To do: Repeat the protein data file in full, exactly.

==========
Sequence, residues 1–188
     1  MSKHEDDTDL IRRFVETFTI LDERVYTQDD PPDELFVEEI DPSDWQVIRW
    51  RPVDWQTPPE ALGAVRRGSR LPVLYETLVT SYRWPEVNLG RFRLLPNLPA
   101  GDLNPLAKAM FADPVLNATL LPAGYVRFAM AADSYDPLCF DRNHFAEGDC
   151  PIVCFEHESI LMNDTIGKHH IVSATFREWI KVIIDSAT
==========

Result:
Sequence, residues 1–188
     1  MSKHEDDTDL IRRFVETFTI LDERVYTQDD PPDELFVEEI DPSDWQVIRW
    51  RPVDWQTPPE ALGAVRRGSR LPVLYETLVT SYRWPEVNLG RFRLLPNLPA
   101  GDLNPLAKAM FADPVLNATL LPAGYVRFAM AADSYDPLCF DRNHFAEGDC
   151  PIVCFEHESI LMNDTIGKHH IVSATFREWI KVIIDSAT